# Fourier Series/x squared over Minus Pi to Pi

(Redirected from Fourier Series of x squared)

## Theorem

For $x \in \closedint {-\pi} \pi$:

$\displaystyle x^2 = \frac {\pi^2} 3 + \sum_{n \mathop = 1}^\infty \paren {\paren {-1}^n \frac 4 {n^2} \cos n x}$

## Proof

From Even Power is Even Function, $x^2$ is an even function.

$\displaystyle x^2 \sim \frac {a_0} 2 + \sum_{n \mathop = 1}^\infty a_n \cos n x$

where:

 $\displaystyle a_n$ $=$ $\displaystyle \frac 2 \pi \int_0^\pi x^2 \map \cos {n x} \rd x$ $\displaystyle \leadsto \ \$ $\displaystyle \frac 1 2 a_0$ $=$ $\displaystyle \frac 2 {2 \pi} \int_0^\pi x^2 \rd x$ Cosine of Zero is One $\displaystyle$ $=$ $\displaystyle \frac 1 \pi \cdot \frac {\pi^3} 3$ Primitive of Power, Fundamental Theorem of Calculus $\displaystyle$ $=$ $\displaystyle \frac {\pi^2} 3$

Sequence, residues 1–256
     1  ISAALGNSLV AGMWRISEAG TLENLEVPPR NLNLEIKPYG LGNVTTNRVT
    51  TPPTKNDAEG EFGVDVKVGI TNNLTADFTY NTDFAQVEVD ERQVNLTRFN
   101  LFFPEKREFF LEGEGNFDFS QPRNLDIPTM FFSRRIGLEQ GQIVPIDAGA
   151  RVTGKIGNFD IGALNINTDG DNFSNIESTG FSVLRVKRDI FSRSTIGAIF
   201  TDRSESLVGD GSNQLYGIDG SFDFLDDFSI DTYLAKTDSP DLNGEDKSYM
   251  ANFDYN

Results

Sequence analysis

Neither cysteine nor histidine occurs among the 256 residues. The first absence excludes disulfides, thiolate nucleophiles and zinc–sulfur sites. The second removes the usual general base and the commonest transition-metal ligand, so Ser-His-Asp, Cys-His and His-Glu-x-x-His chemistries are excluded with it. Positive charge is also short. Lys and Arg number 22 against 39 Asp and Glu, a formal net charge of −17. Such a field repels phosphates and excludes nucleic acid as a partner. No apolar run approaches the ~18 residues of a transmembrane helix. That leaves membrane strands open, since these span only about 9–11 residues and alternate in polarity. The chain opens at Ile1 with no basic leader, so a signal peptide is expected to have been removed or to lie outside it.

Then:

 $\displaystyle \frac 2 \pi \int_0^\pi x^2 \map \cos {n x} \rd x$ $=$ $\displaystyle \frac 2 \pi \intlimits {\frac {2 x \cos n x} {n^2} + \paren {\frac {x^2} n - \frac 2 {n^3} } \sin n x} 0 \pi$ Primitive of $x^2 \cos a x$, Fundamental Theorem of Calculus $\displaystyle$ $=$ $\displaystyle \frac 2 \pi \intlimits {\frac {2 x \cos n x} {n^2} } 0 \pi$ Sine of Multiple of Pi $\displaystyle$ $=$ $\displaystyle \frac 2 \pi \cdot \frac {2 \pi \cos n \pi} {n^2}$ $\displaystyle$ $=$ $\displaystyle \frac {4 \cos n \pi} {n^2}$ $\displaystyle$ $=$ $\displaystyle \paren {-1}^n \frac 4 {n^2}$ Cosine of Multiple of Pi

Substituting for $a_n$ in $(1)$:

$\displaystyle x^2 = \frac {\pi^2} 3 + \sum_{n \mathop = 1}^\infty \paren {\paren {-1}^n \frac 4 {n^2} \cos n x}$

as required.

$\blacksquare$